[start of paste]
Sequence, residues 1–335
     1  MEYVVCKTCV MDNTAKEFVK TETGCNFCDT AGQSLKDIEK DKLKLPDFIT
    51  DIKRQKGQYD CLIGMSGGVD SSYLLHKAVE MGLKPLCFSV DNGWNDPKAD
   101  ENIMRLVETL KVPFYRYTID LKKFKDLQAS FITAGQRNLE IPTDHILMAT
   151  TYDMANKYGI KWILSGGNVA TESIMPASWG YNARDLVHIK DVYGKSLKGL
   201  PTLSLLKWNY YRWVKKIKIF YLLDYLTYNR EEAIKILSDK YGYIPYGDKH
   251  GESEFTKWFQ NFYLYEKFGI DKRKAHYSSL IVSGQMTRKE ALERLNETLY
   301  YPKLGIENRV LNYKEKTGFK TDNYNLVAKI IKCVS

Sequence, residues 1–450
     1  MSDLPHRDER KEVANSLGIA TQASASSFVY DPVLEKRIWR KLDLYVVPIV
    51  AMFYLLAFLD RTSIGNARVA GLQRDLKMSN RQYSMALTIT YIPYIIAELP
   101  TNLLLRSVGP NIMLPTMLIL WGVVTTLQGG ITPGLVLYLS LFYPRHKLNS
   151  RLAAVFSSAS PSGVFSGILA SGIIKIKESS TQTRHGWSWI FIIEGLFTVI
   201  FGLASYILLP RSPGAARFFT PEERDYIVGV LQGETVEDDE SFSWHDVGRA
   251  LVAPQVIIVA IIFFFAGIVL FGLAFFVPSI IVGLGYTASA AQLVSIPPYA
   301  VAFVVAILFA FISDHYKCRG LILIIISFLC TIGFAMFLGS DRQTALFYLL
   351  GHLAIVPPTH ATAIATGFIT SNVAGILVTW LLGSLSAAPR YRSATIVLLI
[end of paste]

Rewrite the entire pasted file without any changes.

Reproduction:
Sequence, residues 1–335
     1  MEYVVCKTCV MDNTAKEFVK TETGCNFCDT AGQSLKDIEK DKLKLPDFIT
    51  DIKRQKGQYD CLIGMSGGVD SSYLLHKAVE MGLKPLCFSV DNGWNDPKAD
   101  ENIMRLVETL KVPFYRYTID LKKFKDLQAS FITAGQRNLE IPTDHILMAT
   151  TYDMANKYGI KWILSGGNVA TESIMPASWG YNARDLVHIK DVYGKSLKGL
   201  PTLSLLKWNY YRWVKKIKIF YLLDYLTYNR EEAIKILSDK YGYIPYGDKH
   251  GESEFTKWFQ NFYLYEKFGI DKRKAHYSSL IVSGQMTRKE ALERLNETLY
   301  YPKLGIENRV LNYKEKTGFK TDNYNLVAKI IKCVS

Sequence, residues 1–450
     1  MSDLPHRDER KEVANSLGIA TQASASSFVY DPVLEKRIWR KLDLYVVPIV
    51  AMFYLLAFLD RTSIGNARVA GLQRDLKMSN RQYSMALTIT YIPYIIAELP
   101  TNLLLRSVGP NIMLPTMLIL WGVVTTLQGG ITPGLVLYLS LFYPRHKLNS
   151  RLAAVFSSAS PSGVFSGILA SGIIKIKESS TQTRHGWSWI FIIEGLFTVI
   201  FGLASYILLP RSPGAARFFT PEERDYIVGV LQGETVEDDE SFSWHDVGRA
   251  LVAPQVIIVA IIFFFAGIVL FGLAFFVPSI IVGLGYTASA AQLVSIPPYA
   301  VAFVVAILFA FISDHYKCRG LILIIISFLC TIGFAMFLGS DRQTALFYLL
   351  GHLAIVPPTH ATAIATGFIT SNVAGILVTW LLGSLSAAPR YRSATIVLLI